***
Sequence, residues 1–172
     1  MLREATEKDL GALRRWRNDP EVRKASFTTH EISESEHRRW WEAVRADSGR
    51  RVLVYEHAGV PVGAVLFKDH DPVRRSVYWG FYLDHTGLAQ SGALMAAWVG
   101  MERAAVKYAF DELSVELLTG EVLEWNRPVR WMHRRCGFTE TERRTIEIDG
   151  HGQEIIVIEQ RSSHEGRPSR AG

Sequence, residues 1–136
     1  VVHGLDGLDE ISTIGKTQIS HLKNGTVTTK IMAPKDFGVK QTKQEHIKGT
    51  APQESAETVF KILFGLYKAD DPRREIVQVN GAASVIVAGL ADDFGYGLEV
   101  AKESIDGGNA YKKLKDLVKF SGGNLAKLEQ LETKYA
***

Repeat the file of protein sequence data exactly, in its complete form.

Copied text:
Sequence, residues 1–172
     1  MLREATEKDL GALRRWRNDP EVRKASFTTH EISESEHRRW WEAVRADSGR
    51  RVLVYEHAGV PVGAVLFKDH DPVRRSVYWG FYLDHTGLAQ SGALMAAWVG
   101  MERAAVKYAF DELSVELLTG EVLEWNRPVR WMHRRCGFTE TERRTIEIDG
   151  HGQEIIVIEQ RSSHEGRPSR AG

Sequence, residues 1–136
     1  VVHGLDGLDE ISTIGKTQIS HLKNGTVTTK IMAPKDFGVK QTKQEHIKGT
    51  APQESAETVF KILFGLYKAD DPRREIVQVN GAASVIVAGL ADDFGYGLEV
   101  AKESIDGGNA YKKLKDLVKF SGGNLAKLEQ LETKYA